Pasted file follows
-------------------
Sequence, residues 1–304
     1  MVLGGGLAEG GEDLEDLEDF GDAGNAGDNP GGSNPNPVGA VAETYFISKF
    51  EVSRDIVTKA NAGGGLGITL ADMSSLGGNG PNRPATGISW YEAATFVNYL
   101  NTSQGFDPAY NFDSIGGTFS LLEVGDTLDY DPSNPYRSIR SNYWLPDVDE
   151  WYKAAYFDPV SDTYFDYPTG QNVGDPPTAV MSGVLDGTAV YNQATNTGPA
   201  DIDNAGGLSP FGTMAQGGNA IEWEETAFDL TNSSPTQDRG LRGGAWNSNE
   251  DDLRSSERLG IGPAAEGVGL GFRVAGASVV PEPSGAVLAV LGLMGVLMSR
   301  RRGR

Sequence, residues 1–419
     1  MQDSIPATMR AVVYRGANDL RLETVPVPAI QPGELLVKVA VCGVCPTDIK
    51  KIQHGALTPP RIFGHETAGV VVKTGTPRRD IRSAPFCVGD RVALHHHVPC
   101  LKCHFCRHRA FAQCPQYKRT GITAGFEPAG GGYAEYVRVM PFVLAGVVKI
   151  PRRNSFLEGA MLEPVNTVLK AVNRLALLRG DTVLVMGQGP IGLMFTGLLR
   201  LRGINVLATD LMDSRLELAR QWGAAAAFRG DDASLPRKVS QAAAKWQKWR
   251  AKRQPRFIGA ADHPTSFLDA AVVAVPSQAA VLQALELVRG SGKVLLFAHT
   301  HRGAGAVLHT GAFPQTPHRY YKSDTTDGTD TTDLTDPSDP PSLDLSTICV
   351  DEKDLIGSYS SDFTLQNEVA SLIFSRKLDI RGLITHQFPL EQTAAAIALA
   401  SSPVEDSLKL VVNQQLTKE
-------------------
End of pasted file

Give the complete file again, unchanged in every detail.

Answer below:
Sequence, residues 1–304
     1  MVLGGGLAEG GEDLEDLEDF GDAGNAGDNP GGSNPNPVGA VAETYFISKF
    51  EVSRDIVTKA NAGGGLGITL ADMSSLGGNG PNRPATGISW YEAATFVNYL
   101  NTSQGFDPAY NFDSIGGTFS LLEVGDTLDY DPSNPYRSIR SNYWLPDVDE
   151  WYKAAYFDPV SDTYFDYPTG QNVGDPPTAV MSGVLDGTAV YNQATNTGPA
   201  DIDNAGGLSP FGTMAQGGNA IEWEETAFDL TNSSPTQDRG LRGGAWNSNE
   251  DDLRSSERLG IGPAAEGVGL GFRVAGASVV PEPSGAVLAV LGLMGVLMSR
   301  RRGR

Sequence, residues 1–419
     1  MQDSIPATMR AVVYRGANDL RLETVPVPAI QPGELLVKVA VCGVCPTDIK
    51  KIQHGALTPP RIFGHETAGV VVKTGTPRRD IRSAPFCVGD RVALHHHVPC
   101  LKCHFCRHRA FAQCPQYKRT GITAGFEPAG GGYAEYVRVM PFVLAGVVKI
   151  PRRNSFLEGA MLEPVNTVLK AVNRLALLRG DTVLVMGQGP IGLMFTGLLR
   201  LRGINVLATD LMDSRLELAR QWGAAAAFRG DDASLPRKVS QAAAKWQKWR
   251  AKRQPRFIGA ADHPTSFLDA AVVAVPSQAA VLQALELVRG SGKVLLFAHT
   301  HRGAGAVLHT GAFPQTPHRY YKSDTTDGTD TTDLTDPSDP PSLDLSTICV
   351  DEKDLIGSYS SDFTLQNEVA SLIFSRKLDI RGLITHQFPL EQTAAAIALA
   401  SSPVEDSLKL VVNQQLTKE